A popular, busy place is Seneca Rocks. But have you heard of Nelson Rocks? Located in the North Folk Valley of Pendleton County, WV. This is just an amazing sight to see. Would I cross that bridge? NOPE! But it is such a sight to see. Nelson Rocks, in the North Fork Valley of West Virginia, is located just 10 miles south of Seneca Rocks. This unique rock formation is comprised of two razorbacks “Fin” ridge-lines of Quartzite rock. When you make it to the bridge, definitely take a minute to have a drink of water. This is the part of the trip where most people discover they have a fear of heights. Ha! The bridge spans roughly 150 ft across and takes you over the gap and valley floor located 200+ ft below. If you are afraid of heights and have made it this far, I applaud you! Take the bridge slowly. Each wooden plank is roughly a foot apart and will require you to look down as you make each step. You are clipped into the steel cable, but the bridge swings if you move too fast.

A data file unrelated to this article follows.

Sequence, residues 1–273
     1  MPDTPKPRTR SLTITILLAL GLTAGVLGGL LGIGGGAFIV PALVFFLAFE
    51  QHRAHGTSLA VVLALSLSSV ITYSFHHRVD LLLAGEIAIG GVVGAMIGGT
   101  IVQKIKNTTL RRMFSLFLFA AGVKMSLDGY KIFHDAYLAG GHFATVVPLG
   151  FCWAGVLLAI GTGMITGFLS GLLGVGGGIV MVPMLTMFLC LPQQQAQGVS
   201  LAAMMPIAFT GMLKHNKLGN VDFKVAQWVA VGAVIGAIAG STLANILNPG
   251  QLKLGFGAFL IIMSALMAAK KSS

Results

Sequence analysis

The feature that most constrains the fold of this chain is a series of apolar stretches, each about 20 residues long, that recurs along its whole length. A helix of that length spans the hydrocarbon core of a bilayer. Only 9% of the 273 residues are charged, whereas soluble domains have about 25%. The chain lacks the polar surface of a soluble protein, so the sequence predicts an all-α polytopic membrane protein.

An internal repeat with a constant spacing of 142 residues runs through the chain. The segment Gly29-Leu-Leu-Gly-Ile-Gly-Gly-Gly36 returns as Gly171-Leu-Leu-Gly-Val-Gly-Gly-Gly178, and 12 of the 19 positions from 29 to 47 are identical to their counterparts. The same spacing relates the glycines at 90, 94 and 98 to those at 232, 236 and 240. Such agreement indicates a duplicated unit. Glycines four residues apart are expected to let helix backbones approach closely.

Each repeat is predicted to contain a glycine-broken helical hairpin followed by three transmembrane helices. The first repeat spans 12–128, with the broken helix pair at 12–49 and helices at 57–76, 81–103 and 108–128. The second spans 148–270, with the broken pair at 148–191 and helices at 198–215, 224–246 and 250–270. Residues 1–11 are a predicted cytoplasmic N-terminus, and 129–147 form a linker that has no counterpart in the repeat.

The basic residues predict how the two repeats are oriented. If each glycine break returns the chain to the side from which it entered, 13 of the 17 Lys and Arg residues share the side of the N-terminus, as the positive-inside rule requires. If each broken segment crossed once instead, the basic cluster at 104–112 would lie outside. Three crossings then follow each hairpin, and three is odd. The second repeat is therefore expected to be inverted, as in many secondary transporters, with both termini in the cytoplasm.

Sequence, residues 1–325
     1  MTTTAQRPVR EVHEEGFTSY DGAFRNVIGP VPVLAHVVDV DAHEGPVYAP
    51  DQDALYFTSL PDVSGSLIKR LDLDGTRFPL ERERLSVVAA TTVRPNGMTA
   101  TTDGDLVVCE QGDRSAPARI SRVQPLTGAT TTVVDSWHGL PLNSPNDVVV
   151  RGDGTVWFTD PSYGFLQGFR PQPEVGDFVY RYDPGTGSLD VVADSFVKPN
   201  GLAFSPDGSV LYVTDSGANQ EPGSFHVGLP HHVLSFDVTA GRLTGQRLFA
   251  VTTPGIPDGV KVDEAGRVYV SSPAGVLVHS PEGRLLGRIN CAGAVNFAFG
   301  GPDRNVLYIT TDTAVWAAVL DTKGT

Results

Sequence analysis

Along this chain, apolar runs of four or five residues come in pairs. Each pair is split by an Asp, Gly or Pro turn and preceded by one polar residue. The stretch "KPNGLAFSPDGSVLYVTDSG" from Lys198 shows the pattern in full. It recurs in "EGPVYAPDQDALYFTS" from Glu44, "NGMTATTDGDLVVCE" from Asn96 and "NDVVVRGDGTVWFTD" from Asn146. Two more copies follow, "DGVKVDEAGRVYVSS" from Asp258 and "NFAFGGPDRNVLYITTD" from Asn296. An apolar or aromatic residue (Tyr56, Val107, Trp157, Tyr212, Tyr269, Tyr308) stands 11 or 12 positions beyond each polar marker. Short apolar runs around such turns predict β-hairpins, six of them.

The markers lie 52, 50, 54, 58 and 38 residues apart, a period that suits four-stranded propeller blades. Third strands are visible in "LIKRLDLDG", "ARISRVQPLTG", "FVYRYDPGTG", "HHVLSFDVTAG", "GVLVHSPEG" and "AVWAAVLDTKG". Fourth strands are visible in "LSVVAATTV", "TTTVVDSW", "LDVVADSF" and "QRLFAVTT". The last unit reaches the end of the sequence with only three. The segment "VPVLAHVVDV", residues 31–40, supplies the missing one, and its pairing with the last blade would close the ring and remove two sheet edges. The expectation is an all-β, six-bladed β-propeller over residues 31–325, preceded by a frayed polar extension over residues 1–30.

MENelsonRocks5

Curious Rock

Located in Spencer, WV – Natural formation or Native American totem? Local legends imply that it could be either, or perhaps both. Onlookers say this large, 20 ft rock formation looks like a “God” sitting on the mountain top. After a 2 hour hike, this unexplained tower appears to have an altar for worship, or simply a sitting area for visitors. The large capstone precariously sitting atop the stone column almost looks like a hat. While there are local mysteries regarding the formation’s origins, geologists actually have a name for this type of rock: a “Table Rock” formation, not unlike the Jug Rock formation in Indiana (which I mention in my blog here) or the Turnip Rock formation in Michigan (which I mention in my blog here). 

Old Abandoned Dam in Spencer, WV